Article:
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Mayela Sánchez, GPJ Mexico

Liliana Garduño Ortega had no idea that participating in a protest would land her in prison.

Liliana Garduño Ortega was detained by the police in November 2014 during a protest at the Plaza de la Constitución, also known as the Zócalo, the main public plaza in the country.

She and the other protesters were drawing attention to the disappearance of 43 students in Guerrero state, in the country’s southeast, in September 2014. The reasons for their disappearance remain a mystery, and many protesters believe the state’s law enforcement and government were complicit.

She and 10 other people were taken to a federal prison on charges of rioting, criminal association and attempted homicide. Garduño Ortega says they were presented with these charges after police accused them of verbally threatening and physically attacking an officer, in which she denies any involvement.

The police accused also them of being part of an anarchist group that had caused damage during the protest, she says. Garduño Ortega, who was then 30 years old, says the detained people didn’t even know one another.

They were all freed nine days later, since there wasn’t sufficient proof of the alleged crimes, according to a press release from the Instituto Mexicano de Derechos Humanos y Democracia, a civil society organization that defended some of the other people who had been detained, but not Garduño Ortega.

[It’s as if] we are still in prison.

But the case remained open through October 2015, Garduño Ortega says. The Procuraduría General de la República, the country’s attorney general, appealed the sentence, and that process continued for nearly one year.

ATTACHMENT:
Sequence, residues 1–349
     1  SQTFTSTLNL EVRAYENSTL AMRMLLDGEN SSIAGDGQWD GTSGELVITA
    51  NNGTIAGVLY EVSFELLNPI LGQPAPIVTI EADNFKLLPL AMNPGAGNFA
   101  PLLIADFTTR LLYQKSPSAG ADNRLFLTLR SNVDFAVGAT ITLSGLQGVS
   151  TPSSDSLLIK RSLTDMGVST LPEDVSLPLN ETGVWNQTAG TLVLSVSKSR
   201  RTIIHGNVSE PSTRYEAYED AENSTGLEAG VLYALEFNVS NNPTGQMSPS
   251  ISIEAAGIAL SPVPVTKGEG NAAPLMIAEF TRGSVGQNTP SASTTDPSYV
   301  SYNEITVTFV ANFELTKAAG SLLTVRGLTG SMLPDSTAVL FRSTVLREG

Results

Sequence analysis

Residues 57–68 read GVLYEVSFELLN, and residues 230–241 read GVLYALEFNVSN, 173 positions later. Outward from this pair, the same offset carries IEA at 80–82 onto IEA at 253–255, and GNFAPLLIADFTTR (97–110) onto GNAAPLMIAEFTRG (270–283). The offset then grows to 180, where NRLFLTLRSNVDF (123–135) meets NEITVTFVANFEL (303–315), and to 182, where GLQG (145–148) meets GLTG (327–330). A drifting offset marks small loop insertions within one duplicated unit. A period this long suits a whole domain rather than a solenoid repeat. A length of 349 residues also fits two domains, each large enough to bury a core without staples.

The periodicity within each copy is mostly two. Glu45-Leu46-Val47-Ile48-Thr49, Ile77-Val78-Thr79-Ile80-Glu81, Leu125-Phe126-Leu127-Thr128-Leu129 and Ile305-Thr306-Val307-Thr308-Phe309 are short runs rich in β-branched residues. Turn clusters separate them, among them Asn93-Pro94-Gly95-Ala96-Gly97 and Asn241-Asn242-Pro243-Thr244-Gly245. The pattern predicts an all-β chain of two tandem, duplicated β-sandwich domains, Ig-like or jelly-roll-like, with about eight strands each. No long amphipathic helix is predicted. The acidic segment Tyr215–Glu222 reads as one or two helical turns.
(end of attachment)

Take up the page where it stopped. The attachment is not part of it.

Throughout that process and even after it was over, Garduño Ortega says she didn’t want to leave her home. But she also feared that the police would find her there and detain her again.

“I couldn’t sleep; I was always alert and aware,” she says.

She dropped out of high school, she adds, and felt stuck and sad.

Various media outlets covered the case of the 11 detained protesters until they were freed. Their names and photographs were published in the press and on social media.

“You see your photo along with both positive and negative comments,” she says. “I remember one comment from a girl [that said], ‘That’s what she gets for being a rowdy troublemaker. That’s good, she earned it.’ That comment stuck with me.”

Garduño Ortega also feared telling people her name, thinking that someone would identify her and label her a criminal.

She says her family and friends always supported her, but some acquaintances also asked her if she had actually done it.

“People don’t get it or really know you. There were comments that probably in the moment did affect me,” she says. “We were judged, I was judged. For better and for worse.”

But time has helped. Garduño Ortega says she’s no longer worried about being called out, nor does she live with the uncertainty of being detained again. She feels strong enough to express herself now, she says.


Danielle Mackey, GPJ, translated this article from Spanish.